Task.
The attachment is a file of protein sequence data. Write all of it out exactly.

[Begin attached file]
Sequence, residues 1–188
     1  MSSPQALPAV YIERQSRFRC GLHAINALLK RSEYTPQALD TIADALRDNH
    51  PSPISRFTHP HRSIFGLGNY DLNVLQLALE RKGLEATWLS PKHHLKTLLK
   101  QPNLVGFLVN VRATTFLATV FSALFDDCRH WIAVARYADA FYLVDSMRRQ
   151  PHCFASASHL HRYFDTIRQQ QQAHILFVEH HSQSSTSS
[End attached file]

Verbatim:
Sequence, residues 1–188
     1  MSSPQALPAV YIERQSRFRC GLHAINALLK RSEYTPQALD TIADALRDNH
    51  PSPISRFTHP HRSIFGLGNY DLNVLQLALE RKGLEATWLS PKHHLKTLLK
   101  QPNLVGFLVN VRATTFLATV FSALFDDCRH WIAVARYADA FYLVDSMRRQ
   151  PHCFASASHL HRYFDTIRQQ QQAHILFVEH HSQSSTSS